Originally published on Fri January 25, 2013 9:14 am

If you want to make a movie, you generally need a lot of money. And filmmakers have to be creative about raising it.

Just ask the filmmakers at the Sundance Film Festival, taking place this week in Park City, Utah. Some 10 percent of the films selected for this year's iteration of the prestigious festival raised money through the crowd-funding website Kickstarter.

In the three years since the website launched, Kickstarter-funded films have been nominated for Oscars, picked up by Showtime and HBO, and honored with awards at Sundance, South By Southwest and Cannes.

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Business
3:21 am
Thu December 13, 2012

Etsy Crafts A Strategy For Staying Handmade And Profitable

Etsy, which began as a place for home crafters and small businesses to sell their goods, has experienced growing pains as it surpasses 800,000 sellers.
Courtesy of Etsy

Originally published on Thu December 13, 2012 9:03 am

Etsy has gotten very big, very fast. This year, sales are at about $800 million.

"Their growth on all the major metrics you want to look at has accelerated really consistently," says journalist Rob Walker.

Walker recently wrote a story for Wired Magazine with the headline, "Can Etsy Go Pro Without Losing Its Soul?" Here's why: Etsy makes money from its sellers: 20 cents every time they list an item and 3.5 percent of every sale. Today, there are some 800,000 sellers.

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Movies
3:23 am
Tue November 20, 2012

When 'Unfilmable' Books Make Memorable Movies

A Bengal tiger named Richard Parker plays a central role in Life of Pi, a new movie adaptation of a novel some might describe as unfilmable.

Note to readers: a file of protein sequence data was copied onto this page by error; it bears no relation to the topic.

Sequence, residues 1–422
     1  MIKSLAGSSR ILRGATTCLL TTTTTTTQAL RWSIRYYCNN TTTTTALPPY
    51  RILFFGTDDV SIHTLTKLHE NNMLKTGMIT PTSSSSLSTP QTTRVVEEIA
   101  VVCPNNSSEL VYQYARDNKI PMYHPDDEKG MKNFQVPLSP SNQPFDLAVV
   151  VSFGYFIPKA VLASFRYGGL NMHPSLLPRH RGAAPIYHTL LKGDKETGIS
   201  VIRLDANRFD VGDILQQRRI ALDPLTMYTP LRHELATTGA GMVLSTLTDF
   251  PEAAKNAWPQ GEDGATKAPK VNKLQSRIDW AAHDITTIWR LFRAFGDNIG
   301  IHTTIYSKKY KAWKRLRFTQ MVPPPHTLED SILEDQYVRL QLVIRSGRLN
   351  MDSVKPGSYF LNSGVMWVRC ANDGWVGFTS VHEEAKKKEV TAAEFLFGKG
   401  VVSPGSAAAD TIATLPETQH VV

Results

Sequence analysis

20th Century Fox

Originally published on Tue November 20, 2012 8:10 am

The centerpiece of the film Life of Pi is a boy adrift on a lifeboat with a tiger in the middle of the ocean. That's easy enough for Yann Martel to describe in his novel — but hard to make happen on the set of a movie. As it happens, Pi is in theaters with another movie based on an "unfilmable" novel: Cloud Atlas, with six different plots in six different time periods.

Some books are challenging to film because they're challenging to read. Take Ulysses, James Joyce's stream-of-consciousness masterpiece, published in 1922.

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Monkey See
5:14 am
Mon October 29, 2012

Impersonating The President: From Will Rogers To Obama's 'Anger Translator'

Keegan-Michael Key and Jordan Peele cooperate to impersonate President Obama in Comedy Central's Key and Peele.
Ian White Comedy Central

Political commentators will be working overtime in the countdown to the presidential election. So will political comedians, including the candidates' impersonators.

Impersonators have been part of the political landscape for so long, it's hard to imagine a time without them: Rich Little, Dana Carvey, Will Ferrell, Dan Aykroyd, Darrell Hammond, Tina Fey and other comedians have all famously done their turns as candidates. Remember "I can see Russia from my house"?

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Around the Nation
3:24 am
Wed September 5, 2012

The Strange Story Of The Man Behind 'Strange Fruit'

Abel Meeropol watches as his sons, Robert and Michael, play with a train set.
Courtesy of Robert and Michael Meeropol

Originally published on Thu September 6, 2012 3:37 pm

One of Billie Holiday's most iconic songs is "Strange Fruit," a haunting protest against the inhumanity of racism. Many people know that the man who wrote the song was inspired by a photograph of a lynching. But they might not realize that he's also tied to another watershed moment in America's history.

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Remembrances
3:59 pm
Mon August 20, 2012

Comedy's Self-Deprecating Pioneer Phyllis Diller Dies

Diller poses with a photo at her Los Angeles home in 2005.
Chris Pizzello AP

Originally published on Mon August 20, 2012 6:02 pm

A queen of comedy has died. Phyllis Diller had audiences in stitches for more than five decades with her outlandish get-ups and rapid-fire one-liners. She died at her home, where she had been in hospice care after a fall. She was 95.

Diller was glamorously outrageous — or at least the character she created was glamorously outrageous, the one who wore wigs that made her look like she had her finger in an electrical outlet, who wore gaudy sequined outfits. She was known for her laugh and those nasty jokes about her dimwitted husband, "Fang."